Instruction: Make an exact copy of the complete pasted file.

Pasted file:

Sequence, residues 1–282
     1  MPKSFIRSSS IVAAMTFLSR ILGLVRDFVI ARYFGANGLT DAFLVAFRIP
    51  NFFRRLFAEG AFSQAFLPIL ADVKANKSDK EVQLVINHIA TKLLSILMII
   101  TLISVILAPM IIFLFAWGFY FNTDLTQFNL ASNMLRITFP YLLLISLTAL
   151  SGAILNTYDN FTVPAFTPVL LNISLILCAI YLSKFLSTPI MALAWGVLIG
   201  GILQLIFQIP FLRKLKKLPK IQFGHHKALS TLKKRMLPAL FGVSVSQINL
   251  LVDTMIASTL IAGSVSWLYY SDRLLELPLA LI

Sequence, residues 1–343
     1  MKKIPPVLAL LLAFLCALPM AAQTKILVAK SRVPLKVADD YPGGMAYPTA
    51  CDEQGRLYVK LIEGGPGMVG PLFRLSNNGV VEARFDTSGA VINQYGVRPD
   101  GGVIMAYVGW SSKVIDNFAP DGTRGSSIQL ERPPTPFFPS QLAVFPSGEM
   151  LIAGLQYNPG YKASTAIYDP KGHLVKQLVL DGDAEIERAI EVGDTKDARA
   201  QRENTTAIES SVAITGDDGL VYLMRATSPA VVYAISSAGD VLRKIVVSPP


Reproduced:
Sequence, residues 1–282
     1  MPKSFIRSSS IVAAMTFLSR ILGLVRDFVI ARYFGANGLT DAFLVAFRIP
    51  NFFRRLFAEG AFSQAFLPIL ADVKANKSDK EVQLVINHIA TKLLSILMII
   101  TLISVILAPM IIFLFAWGFY FNTDLTQFNL ASNMLRITFP YLLLISLTAL
   151  SGAILNTYDN FTVPAFTPVL LNISLILCAI YLSKFLSTPI MALAWGVLIG
   201  GILQLIFQIP FLRKLKKLPK IQFGHHKALS TLKKRMLPAL FGVSVSQINL
   251  LVDTMIASTL IAGSVSWLYY SDRLLELPLA LI

Sequence, residues 1–343
     1  MKKIPPVLAL LLAFLCALPM AAQTKILVAK SRVPLKVADD YPGGMAYPTA
    51  CDEQGRLYVK LIEGGPGMVG PLFRLSNNGV VEARFDTSGA VINQYGVRPD
   101  GGVIMAYVGW SSKVIDNFAP DGTRGSSIQL ERPPTPFFPS QLAVFPSGEM
   151  LIAGLQYNPG YKASTAIYDP KGHLVKQLVL DGDAEIERAI EVGDTKDARA
   201  QRENTTAIES SVAITGDDGL VYLMRATSPA VVYAISSAGD VLRKIVVSPP